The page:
Students at Williamstown Middle School have created more than 50 tie blankets that a mobile response unit will give to families in crisis.
The Monroe Township Education Association provides a public-school grant to the Williamstown district each year. This year, seventh grade science teacher Janet Mead was asked to find a way to use the grant that could incorporate a lesson in empathy for students.
The grant this year enabled Mead to buy all of the blanket fabric, as well as snacks and drinks for the students who signed up to participate. More than 50 blankets were created by students and given to the Acenda Behavioral Health Mobile Response Unit to deliver.
Along with the RISE (Respect, Integrity, Self-Control and Empathy) program, the schools have also introduced social and emotional learning into the everyday curriculum. The program helps students develop healthy relationships with staff and creates a positive school environment.
“We have had this program for a long time called RISE, and the hardest thing out of those to teach is empathy,” Mead explained. “Obviously the kid on the other end is going to love this, but when you take it home and make it (a blanket) with your family, it shows empathy for someone else.
“I am trained to teach science and biology and I don’t have a psychological background to figure out what all this means,” she added, “but I know that it makes you feel good when you do something for someone.”
Laurie Spears, program coordinator for Children’s Mobile Response at Acenda, is grateful for the donations, which she thinks will enhance their program and the support they give the children.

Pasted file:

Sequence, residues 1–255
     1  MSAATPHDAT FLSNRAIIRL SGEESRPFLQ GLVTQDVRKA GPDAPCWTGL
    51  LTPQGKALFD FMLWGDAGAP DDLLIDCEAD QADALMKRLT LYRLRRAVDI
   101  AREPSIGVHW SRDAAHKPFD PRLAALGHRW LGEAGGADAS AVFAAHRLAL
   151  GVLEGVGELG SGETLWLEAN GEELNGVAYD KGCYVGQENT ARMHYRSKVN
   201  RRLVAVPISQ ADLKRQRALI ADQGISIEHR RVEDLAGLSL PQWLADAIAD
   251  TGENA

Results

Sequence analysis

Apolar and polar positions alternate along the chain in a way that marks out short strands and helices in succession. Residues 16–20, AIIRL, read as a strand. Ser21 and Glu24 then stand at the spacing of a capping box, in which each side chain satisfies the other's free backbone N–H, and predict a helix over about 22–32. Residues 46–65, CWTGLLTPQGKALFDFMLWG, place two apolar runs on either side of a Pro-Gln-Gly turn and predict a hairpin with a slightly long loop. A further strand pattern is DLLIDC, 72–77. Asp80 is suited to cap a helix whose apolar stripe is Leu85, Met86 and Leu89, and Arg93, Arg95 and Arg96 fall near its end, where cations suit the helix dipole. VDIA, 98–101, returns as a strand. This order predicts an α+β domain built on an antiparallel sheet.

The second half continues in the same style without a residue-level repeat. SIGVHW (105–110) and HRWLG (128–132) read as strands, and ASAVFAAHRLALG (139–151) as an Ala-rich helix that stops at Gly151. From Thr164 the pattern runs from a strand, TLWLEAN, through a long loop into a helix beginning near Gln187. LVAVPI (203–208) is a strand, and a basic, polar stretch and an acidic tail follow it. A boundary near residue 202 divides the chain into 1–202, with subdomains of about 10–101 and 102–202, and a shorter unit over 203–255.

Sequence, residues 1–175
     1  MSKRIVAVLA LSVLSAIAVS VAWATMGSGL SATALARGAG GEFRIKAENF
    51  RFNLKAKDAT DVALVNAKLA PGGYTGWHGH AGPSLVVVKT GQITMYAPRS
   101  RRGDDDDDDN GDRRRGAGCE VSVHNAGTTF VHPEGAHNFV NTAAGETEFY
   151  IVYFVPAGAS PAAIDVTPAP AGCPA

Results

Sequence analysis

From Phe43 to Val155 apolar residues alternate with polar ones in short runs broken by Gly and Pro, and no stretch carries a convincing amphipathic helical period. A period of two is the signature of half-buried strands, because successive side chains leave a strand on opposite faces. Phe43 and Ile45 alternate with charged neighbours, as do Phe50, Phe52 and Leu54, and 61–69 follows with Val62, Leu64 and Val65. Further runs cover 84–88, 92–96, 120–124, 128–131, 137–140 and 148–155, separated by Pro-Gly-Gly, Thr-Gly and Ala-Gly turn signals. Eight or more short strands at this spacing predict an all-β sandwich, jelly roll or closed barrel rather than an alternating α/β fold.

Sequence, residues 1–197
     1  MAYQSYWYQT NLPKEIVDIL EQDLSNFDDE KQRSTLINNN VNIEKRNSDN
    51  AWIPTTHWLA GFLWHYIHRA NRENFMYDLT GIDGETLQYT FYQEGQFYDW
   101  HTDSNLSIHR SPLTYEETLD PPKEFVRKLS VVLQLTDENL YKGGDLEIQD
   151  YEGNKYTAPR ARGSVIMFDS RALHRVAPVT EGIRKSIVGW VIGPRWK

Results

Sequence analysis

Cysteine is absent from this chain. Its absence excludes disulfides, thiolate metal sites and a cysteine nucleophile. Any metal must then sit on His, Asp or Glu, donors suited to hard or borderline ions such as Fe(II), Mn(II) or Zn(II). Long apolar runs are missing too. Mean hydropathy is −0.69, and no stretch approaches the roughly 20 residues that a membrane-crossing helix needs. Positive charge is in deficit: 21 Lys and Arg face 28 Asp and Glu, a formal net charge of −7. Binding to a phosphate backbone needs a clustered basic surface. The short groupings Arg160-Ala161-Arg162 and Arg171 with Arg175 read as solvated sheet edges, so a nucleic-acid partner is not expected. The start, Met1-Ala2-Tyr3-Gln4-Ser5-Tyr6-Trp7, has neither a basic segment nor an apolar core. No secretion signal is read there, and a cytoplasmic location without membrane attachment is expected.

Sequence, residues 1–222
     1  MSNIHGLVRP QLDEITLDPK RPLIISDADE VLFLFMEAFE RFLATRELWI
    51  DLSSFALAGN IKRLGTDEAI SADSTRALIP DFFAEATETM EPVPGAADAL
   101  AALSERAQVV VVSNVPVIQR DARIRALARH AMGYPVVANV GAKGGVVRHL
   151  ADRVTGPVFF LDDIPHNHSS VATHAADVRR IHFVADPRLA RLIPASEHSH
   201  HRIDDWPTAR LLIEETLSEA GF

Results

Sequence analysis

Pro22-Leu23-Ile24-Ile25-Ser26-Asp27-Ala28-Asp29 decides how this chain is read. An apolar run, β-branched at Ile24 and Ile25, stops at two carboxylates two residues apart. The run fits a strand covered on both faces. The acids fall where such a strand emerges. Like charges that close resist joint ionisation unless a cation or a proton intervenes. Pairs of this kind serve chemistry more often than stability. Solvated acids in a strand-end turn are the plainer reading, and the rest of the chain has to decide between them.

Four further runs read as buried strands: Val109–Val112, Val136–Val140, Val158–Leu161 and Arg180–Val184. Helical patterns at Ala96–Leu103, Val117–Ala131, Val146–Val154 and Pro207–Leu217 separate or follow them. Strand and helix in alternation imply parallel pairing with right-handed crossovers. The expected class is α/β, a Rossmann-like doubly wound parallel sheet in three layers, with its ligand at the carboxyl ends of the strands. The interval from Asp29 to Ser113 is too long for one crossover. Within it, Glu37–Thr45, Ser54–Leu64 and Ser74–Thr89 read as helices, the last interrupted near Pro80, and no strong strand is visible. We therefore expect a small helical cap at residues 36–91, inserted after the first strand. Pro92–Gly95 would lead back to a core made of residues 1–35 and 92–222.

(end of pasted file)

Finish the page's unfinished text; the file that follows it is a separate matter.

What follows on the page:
“I really liked the blankets for part of our program,” Spears said. “Every time a child is removed from their home by the Division of Child Protection and Permanency for any type of abuse or neglectful situations, they are placed in a resource home or with a family member. At this time, they automatically get our services … I like the idea of bringing the blankets with us on all of those dispatches.”
The mobile response unit sees more than 250 kids a month who may be in crisis or in need of mental-health services. About 20 to 30 of the calls end with a child being removed from his or her home. Acenda currently covers Gloucester, Cumberland and Salem counties and offers short term services for eight weeks before placing the family or child in a long term situation.
“When we do these kinds of check-ins, we bring things to engage the kids,” Spears noted. “We bring coloring books and crayons for younger kids or a journal with a fancy pen for a preteen. This is something we could use for a 9-year-old girl who is having some anxiety. We can grab that blanket for her.”